<Directory /var/www/html> Options Indexes FollowSymLinks AllowOverride None Order allow,deny Allow from all </Directory>
You'll note that the Options directive has changed; the Indexes setting allows readers to see a list of files on your Web server if no index.html file is present in the directory as defined by DocumentRoot. The Order and Allow lines allow all users to access the Web pages on this server.
Finally, the Listen directive defines the IP address and TCP/IP port for this server. For example, the default shown next means that this server will work with every computer that requests a Web page from any of the IP addresses for your computer on the standard TCP/IP port, 80:
If you have more than one IP address on your computer, you can use this directive to limit this Web server to one specific IP address. For example, if you've set up an intranet on this Web server, you could use the IP address that connects to your private network here.
If you're also setting up secure Web services, there's a second Listen directive in the ssl.conf file in the /etc/httpd/conf.d directory. The data from this file is automatically incorporated into your Apache configuration. It includes the following directive, which points to the default secure HTTP (HTTPS) port for TCP/IP, 443:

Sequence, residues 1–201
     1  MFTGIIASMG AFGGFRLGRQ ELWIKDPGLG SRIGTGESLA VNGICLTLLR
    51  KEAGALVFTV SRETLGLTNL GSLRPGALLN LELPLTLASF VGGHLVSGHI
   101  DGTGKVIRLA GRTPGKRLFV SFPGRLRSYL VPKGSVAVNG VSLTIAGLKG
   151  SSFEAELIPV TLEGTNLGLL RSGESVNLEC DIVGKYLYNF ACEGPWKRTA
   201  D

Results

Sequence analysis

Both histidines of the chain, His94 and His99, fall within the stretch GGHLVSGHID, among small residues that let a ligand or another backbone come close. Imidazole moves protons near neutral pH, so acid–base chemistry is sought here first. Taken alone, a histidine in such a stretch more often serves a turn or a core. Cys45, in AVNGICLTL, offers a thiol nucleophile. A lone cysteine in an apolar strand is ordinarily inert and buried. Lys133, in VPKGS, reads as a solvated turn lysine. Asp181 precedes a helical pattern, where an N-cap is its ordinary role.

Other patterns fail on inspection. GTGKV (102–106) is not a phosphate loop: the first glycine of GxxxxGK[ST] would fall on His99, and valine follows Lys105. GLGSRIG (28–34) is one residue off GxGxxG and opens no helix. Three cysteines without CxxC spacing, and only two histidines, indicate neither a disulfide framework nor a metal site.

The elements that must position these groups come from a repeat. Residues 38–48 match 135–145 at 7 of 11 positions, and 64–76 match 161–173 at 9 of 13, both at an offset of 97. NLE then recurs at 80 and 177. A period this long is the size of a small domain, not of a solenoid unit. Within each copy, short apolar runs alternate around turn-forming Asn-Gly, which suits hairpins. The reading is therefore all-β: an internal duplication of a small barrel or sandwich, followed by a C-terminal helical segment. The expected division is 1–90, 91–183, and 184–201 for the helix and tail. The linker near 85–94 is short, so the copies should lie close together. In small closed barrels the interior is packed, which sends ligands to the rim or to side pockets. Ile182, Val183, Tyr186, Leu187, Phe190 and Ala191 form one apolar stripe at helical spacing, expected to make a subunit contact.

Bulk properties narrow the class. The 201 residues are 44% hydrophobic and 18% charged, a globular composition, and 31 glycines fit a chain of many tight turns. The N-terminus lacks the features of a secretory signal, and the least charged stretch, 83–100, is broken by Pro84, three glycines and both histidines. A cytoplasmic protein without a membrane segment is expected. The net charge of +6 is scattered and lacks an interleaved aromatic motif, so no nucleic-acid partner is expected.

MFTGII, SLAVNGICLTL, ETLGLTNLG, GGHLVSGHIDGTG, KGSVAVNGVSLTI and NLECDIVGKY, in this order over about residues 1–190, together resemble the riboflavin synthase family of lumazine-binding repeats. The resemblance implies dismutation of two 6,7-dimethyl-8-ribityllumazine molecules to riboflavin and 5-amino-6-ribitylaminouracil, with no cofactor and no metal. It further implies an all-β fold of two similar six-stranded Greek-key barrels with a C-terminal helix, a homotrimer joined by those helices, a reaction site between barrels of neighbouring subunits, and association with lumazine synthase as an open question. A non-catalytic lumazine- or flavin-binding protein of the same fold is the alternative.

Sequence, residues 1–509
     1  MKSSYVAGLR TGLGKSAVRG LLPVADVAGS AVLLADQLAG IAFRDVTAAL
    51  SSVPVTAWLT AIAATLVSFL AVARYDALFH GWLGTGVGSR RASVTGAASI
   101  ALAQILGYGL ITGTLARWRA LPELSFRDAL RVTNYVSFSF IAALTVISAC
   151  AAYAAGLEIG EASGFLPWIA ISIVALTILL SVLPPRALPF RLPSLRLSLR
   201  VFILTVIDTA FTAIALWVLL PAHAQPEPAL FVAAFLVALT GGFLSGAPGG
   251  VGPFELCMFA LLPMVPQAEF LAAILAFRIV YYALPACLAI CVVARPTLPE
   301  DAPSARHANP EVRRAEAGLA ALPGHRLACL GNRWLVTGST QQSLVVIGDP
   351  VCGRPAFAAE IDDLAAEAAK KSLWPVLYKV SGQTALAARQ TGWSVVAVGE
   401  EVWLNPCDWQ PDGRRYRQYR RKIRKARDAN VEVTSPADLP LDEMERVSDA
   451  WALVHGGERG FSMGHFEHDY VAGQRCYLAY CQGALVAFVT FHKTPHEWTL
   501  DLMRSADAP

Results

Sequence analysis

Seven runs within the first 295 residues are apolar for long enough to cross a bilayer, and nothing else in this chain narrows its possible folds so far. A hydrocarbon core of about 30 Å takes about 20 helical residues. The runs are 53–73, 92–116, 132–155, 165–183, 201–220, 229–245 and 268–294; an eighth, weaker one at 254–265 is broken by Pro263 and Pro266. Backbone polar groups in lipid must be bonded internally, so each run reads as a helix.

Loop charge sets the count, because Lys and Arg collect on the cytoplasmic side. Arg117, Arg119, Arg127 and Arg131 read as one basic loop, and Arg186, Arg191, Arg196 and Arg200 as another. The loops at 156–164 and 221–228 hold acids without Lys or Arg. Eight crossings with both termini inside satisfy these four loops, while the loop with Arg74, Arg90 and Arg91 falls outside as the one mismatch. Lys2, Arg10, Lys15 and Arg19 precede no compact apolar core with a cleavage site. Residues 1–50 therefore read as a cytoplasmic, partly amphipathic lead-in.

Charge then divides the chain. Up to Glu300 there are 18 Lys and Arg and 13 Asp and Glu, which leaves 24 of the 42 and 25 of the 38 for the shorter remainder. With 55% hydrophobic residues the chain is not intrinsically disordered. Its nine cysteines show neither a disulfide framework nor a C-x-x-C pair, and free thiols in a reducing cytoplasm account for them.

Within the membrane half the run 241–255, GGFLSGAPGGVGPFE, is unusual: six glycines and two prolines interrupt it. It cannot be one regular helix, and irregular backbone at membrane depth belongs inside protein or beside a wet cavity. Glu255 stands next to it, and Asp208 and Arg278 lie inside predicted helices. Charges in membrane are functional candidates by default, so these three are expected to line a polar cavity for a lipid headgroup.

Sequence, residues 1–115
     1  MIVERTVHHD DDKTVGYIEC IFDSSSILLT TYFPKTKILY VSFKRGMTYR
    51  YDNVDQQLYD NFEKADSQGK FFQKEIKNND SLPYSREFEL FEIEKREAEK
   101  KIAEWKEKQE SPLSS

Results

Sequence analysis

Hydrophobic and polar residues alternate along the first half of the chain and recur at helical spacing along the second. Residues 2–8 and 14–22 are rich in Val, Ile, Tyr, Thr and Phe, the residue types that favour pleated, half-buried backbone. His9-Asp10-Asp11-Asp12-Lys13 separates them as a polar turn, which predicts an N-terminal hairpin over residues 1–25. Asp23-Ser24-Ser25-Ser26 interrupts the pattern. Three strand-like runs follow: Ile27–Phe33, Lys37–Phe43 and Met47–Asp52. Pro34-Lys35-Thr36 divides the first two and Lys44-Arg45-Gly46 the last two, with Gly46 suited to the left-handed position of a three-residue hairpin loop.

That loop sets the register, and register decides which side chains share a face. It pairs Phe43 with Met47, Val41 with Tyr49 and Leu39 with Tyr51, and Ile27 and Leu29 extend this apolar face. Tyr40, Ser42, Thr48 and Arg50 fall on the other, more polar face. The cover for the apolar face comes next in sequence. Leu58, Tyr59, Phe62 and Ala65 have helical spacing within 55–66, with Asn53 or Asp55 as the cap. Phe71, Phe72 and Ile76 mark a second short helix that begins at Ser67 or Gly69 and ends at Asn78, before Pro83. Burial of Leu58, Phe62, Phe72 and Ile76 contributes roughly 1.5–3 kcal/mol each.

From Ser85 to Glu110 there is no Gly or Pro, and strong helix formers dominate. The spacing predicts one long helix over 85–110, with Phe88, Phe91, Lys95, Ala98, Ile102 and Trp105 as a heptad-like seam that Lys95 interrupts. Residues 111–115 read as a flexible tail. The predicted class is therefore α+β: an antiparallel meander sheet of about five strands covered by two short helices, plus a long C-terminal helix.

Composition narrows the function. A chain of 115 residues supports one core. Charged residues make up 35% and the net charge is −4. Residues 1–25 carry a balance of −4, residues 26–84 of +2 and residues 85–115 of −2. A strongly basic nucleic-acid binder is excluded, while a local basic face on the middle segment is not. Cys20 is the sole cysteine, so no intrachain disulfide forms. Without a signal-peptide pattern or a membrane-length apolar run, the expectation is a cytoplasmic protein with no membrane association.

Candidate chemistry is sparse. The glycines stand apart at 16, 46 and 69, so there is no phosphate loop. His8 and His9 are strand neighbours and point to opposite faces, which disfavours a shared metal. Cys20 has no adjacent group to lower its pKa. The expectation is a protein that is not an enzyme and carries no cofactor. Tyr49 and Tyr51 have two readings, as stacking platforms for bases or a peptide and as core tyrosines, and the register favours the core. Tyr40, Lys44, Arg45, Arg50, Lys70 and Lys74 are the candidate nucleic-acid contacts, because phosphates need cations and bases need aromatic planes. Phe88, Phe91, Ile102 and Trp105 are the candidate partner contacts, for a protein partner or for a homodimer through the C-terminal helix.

The Red Hat Exam Prep guide suggests that you need to be ready to configure a regular HTTP and a secure HTTPS Web site.
If you have an iptables firewall on your computer, you'll need to disable it at least for TCP/IP port 80. If you're configuring a secure Web site, you'll also need to disable iptables for port 443. If you've enabled SELinux, you'll need to change the Access Control List (ACL) security contexts of key directories. Chapter 15 describes these processes in detail. For now, just take the following two steps:
Run system-config-securitylevel, allow incoming WWW (HTTP) and Secure WWW (HTTPS) connections as "Trusted Services," and exit normally.